When Texas track and field combined into a joint men’s and women’s program before this season, a monumental effort was needed to form a successful product. Both coaches from the previous year stepped down, but the program was passed to a familiar face.
Mario Sategna had been an assistant coach for the Longhorns for the last decade, establishing himself as one of the nation’s top assistant coaches. But he never left for another job, and with the merger, he finally got the offer he desired.
“It was a dream come true,” Sategna said. “This is where I always wanted to be,”
But how did one man, with no head coaching experience, take over a program that had recently doubled in size?
He recruited, arguably, the best staff in the country.
“You want to go after people that have similar philosophies that work well,” Sategna said. “My thing was to go out and find the right fit for Texas.”
Sategna immediately pitched Tonja Buford-Bailey, a three-time Olympian, to be his associate head coach. She already had a women’s head coaching job at the University of Illinois, but the allure of Texas proved too much to pass up.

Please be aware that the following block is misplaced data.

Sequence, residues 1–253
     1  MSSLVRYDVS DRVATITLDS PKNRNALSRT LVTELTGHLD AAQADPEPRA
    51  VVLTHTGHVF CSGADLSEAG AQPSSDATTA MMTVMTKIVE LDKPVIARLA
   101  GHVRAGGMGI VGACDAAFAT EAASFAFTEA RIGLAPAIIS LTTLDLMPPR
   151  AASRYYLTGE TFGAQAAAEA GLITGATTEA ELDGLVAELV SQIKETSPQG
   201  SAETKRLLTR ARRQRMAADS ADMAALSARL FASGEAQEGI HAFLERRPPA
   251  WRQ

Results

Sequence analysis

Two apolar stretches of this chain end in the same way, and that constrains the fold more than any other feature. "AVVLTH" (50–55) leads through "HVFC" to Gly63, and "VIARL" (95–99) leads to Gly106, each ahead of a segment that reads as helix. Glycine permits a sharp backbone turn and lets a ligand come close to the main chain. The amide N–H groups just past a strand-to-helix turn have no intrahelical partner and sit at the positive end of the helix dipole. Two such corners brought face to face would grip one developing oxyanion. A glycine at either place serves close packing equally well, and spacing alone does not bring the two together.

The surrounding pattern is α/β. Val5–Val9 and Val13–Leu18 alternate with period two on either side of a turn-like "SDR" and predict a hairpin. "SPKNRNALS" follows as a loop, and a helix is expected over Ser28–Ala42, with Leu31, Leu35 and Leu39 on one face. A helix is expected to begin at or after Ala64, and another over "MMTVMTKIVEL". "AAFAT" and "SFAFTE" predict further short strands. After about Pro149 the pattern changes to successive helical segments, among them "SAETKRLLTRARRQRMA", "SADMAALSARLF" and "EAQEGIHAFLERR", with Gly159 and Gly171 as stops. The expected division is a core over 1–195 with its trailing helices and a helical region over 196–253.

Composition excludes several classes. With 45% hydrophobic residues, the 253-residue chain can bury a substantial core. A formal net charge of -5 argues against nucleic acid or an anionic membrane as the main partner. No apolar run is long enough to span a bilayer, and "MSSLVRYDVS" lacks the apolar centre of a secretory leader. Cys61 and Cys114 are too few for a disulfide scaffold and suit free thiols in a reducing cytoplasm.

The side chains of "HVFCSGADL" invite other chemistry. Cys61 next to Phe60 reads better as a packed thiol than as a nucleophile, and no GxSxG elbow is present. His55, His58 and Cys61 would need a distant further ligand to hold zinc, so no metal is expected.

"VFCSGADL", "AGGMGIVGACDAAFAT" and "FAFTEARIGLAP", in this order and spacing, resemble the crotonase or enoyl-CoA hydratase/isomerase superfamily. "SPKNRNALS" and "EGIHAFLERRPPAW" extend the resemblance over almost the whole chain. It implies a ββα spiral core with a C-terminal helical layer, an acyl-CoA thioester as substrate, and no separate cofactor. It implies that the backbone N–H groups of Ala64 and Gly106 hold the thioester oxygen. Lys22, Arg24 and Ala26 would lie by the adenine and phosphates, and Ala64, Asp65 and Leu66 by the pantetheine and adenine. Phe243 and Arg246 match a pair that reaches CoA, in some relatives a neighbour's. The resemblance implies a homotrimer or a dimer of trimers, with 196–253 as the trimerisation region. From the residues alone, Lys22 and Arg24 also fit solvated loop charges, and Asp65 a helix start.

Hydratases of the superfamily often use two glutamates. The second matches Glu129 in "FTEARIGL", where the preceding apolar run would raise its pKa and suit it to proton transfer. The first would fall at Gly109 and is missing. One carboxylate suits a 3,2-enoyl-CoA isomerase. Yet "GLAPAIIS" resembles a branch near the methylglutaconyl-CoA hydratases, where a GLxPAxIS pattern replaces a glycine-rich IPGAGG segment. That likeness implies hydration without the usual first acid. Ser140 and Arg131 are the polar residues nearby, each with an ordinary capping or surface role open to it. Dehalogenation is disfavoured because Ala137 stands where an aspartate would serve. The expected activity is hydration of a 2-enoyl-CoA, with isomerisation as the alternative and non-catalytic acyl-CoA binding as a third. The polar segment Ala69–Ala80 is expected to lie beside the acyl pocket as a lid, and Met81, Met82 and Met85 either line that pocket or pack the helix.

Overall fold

“I was to the point where I had outgrown my position there,” Buford-Bailey said. “I felt like I would have a better opportunity in recruiting to be able to get a foot in the door with some of the best athletes in the nation.”
When searching for a throwing coach, Sategna looked no further than an old teammate from his days at LSU, Ty Sevin. Sevin was the head coach at University of New Orleans, but, like Buford-Bailey, he couldn’t say no to the opportunity at Texas.
To round out his staff, Sategna recruited Kareem Streete-Thompson, another former Olympian. Streete-Thompson previously served at the University of Missouri coaching sprints, hurdles and horizontal jumps — the same role he holds at Texas.
Sategna assembled a decorated staff, but the team could not function unless Sategna let his coaches work unimpeded.
“The main thing for them this year was just to have them recruit and coach and me to take on more of an administration role,” Sategna said.
The trust he’s built with his staff has gone a long way.
“The greatest thing about it is that he trusts me and my operations on a daily basis,” Buford-Bailey said. “That makes it a lot easier for me.”
Sategna understood one man could not handle such a large team by himself, nor could he micromanage his staff once they were in place. For optimal performance, he placed faith in his staff, just like he does with his athletes.